At its core, The Bluest Eye is a story about the oppression of women. The novel's women not only suffer the horrors of racial oppression, but also the tyranny and violation brought upon them by the men in their lives. The novel depicts several phases of a woman's development into womanhood. Pecola, Frieda, and Claudia, the novel's youngest female characters, possess a limited and idealistic view of what it means to be a woman, to have sex, and to be loved by a man. Mrs. Breedlove's and Geraldine's narratives depict this innocent view being shattered as they enter into the harsh realities of marriage and the oppression they experience in their homes.
Although the women of The Bluest Eye experience oppression from then men in their lives, they are not completely powerless. They exercise authority over their children through physical force and verbal assault, and likewise, over other women through gossip and slander. In the same way women are oppressed by men, women turn toward those who are vulnerable and weak, directing their own forms of oppression outward. The prostitutes—China, Poland, and Miss Marie—offer the only exception to the rule of male oppression over women. They gain power over men through exploiting their femininity and sexuality. Exploiting themselves in this way, however, comes at the price of their self-respect and the respect of the women around them. In many ways, the prostitutes, through their drinking, aggression, and masculine mannerisms, resemble the men they have come to hate.
The theme of women and femininity, and male oppression over women in The Bluest Eye, reaches its brutal climax during Cholly's rape of his own daughter, Pecola. This scene, which details the ultimate form of violence and oppression against women, is narrated completely through Cholly's perspective. The lack of Pecola's perspective during the rape scene demonstrates the silencing effect of male oppression over women.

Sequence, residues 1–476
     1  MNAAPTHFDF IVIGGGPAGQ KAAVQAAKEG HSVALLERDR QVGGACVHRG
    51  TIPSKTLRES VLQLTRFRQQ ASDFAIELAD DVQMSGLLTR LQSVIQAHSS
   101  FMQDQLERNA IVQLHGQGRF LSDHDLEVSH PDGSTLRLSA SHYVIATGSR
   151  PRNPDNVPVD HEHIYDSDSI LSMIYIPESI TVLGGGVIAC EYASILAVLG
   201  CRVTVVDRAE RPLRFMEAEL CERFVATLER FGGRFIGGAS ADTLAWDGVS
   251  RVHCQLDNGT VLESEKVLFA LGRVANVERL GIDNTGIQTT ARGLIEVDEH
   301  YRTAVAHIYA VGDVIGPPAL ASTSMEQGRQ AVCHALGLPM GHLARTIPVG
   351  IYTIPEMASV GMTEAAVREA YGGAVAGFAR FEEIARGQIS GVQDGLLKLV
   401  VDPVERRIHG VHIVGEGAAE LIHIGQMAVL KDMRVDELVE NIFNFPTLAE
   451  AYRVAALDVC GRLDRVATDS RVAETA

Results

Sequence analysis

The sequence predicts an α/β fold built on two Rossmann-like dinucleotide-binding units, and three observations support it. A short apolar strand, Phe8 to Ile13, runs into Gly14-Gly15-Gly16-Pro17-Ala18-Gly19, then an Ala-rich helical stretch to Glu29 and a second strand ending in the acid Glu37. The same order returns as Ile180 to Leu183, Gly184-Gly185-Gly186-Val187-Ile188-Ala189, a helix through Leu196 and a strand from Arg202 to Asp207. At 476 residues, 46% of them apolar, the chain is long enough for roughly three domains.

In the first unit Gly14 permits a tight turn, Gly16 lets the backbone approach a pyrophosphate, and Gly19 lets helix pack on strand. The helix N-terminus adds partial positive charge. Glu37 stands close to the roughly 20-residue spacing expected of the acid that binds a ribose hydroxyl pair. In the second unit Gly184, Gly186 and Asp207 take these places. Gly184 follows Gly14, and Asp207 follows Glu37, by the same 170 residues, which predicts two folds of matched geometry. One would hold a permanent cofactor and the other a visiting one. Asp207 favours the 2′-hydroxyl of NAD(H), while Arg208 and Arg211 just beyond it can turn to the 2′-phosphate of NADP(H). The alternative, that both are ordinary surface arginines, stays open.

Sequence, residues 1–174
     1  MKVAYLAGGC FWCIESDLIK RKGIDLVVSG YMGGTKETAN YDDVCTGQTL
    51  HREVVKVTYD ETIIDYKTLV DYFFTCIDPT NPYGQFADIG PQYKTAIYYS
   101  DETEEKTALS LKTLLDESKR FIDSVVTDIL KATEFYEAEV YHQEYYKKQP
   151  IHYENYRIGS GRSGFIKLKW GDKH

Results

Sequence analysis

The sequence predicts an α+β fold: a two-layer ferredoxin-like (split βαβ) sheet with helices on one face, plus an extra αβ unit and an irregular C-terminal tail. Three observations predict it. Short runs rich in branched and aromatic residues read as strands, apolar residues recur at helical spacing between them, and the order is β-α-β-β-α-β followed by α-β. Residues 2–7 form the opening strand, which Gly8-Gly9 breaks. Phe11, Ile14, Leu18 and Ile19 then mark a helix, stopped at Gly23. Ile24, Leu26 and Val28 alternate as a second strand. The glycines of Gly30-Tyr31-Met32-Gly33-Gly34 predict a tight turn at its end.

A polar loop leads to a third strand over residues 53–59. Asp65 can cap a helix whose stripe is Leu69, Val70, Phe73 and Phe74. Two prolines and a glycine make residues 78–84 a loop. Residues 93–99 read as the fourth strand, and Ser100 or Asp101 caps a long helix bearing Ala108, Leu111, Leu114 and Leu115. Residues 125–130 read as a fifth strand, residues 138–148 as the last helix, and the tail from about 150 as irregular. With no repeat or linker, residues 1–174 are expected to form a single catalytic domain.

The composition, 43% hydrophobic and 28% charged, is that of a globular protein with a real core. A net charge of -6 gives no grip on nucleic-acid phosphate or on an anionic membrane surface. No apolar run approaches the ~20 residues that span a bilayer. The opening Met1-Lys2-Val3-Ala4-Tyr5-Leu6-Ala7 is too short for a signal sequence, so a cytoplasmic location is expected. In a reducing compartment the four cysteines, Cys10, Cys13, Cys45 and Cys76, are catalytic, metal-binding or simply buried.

Women and Femininity ThemeTracker
Women and Femininity Quotes in The Bluest Eye
Quiet as it's kept, there were no marigolds in the fall of 1941. We thought, at the time, that it was because Pecola was having her father's baby that the marigolds did not grow. A little examination and much less melancholy would have proved to us that our seeds were not the only ones that didn't sprout; nobody's did…It had never occurred to either of us that the earth itself might have been unyielding. We had dropped our seeds in our own little plot of black dirt just as Pecola's father had dropped his seeds into his own plot of black dirt. Our innocence and faith were no more productive than his lust or despair.
When I learned how repulsive this disinterested violence was, that it was repulsive because it was disinterested, my shame floundered about for refuge. The best hiding place was love. Thus the conversion from pristine sadism to fabricated hatred, to fraudulent love. It was a small step to Shirley Temple.
"How do you do that? I mean how do you get someone to love you?"
Cholly and Mrs. Breedlove fought each other with a darkly brutal formalism that was paralleled only by their lovemaking. Tacitly they had agreed not to kill each other. He fought her the way a coward fights a man—with feet, the palms of his hands, and teeth. She, in turn, fought back in a purely feminine way—with frying pans and pokers, and occasionally a flatiron would sail toward his head.
What did love feel like? she wondered. How do grownups act when they love each other? Eat fish together? Into her eyes came the picture of Cholly and Mrs. Breedlove in bed. He making sounds as through he were in pain, as though something had him by the throat and wouldn't let go. Terrible as his noises were, they were not nearly as bad as the no noise at all from her mother. It was as though she was not even there. Maybe that was love. Choking sounds and silence.